South Africa remains anxious over the health of former President Nelson Mandela, who has “responded positively” to treatment for a lung infection during his third hospital visit in the last four months.
The civil rights icon spent almost three weeks in hospital in December. Though an overnight checkup went well earlier this month, he has again returned to seek treatment for the recurring ailment. At 94, Mandela has been out of the public eye for almost a decade, but is still revered as the country’s first black president.
Speaking to the BBC, President Jacob Zuma said that the South African public needs to come to terms with the leader’s age, but confirmed that Mandela is “responding positively” to his treatment. Still, he suggested that the country must be prepared for the anti-apartheid hero’s passing.
“Of course I have been saying to people, you should bear in mind Madiba is no longer that young and if he goes for check-ups every now and again, I don’t think people must be alarmed about it. I would like to really say the country must not panic,” Zuma said.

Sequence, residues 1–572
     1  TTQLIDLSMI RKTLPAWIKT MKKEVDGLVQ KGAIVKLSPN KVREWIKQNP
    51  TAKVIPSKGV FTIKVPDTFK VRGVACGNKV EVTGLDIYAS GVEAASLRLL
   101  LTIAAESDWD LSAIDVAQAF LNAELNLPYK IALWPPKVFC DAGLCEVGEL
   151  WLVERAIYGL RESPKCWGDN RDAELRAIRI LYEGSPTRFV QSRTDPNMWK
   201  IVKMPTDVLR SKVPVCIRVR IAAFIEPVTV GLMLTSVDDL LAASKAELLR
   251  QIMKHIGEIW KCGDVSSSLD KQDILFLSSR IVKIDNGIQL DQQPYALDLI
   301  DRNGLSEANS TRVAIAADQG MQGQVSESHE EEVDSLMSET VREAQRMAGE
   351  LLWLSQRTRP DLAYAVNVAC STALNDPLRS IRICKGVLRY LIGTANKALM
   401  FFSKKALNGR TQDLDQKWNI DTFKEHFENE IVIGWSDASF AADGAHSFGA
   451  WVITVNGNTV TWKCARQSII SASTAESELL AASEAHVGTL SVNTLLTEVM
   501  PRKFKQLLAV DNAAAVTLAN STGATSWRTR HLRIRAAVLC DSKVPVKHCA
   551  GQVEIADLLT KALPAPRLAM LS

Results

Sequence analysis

“In Zulu, when someone passes away who is very old, people say he or she has gone home. I think those are some of the things we should be thinking about,” he added.
Mandela’s December hospital stay was his longest since being released from prison in 1990. The Nobel Peace Prize winner is a symbol of the country’s “golden period,” which began in 1994 with the end of apartheid and his election.
Though South Africa enjoys the continent’s strongest economy, it continues to struggle with human rights issues ranging from violence against women to worker compensation. Many South African citizens attribute the prevalence of these issues to Mandela’s withdrawal from politics.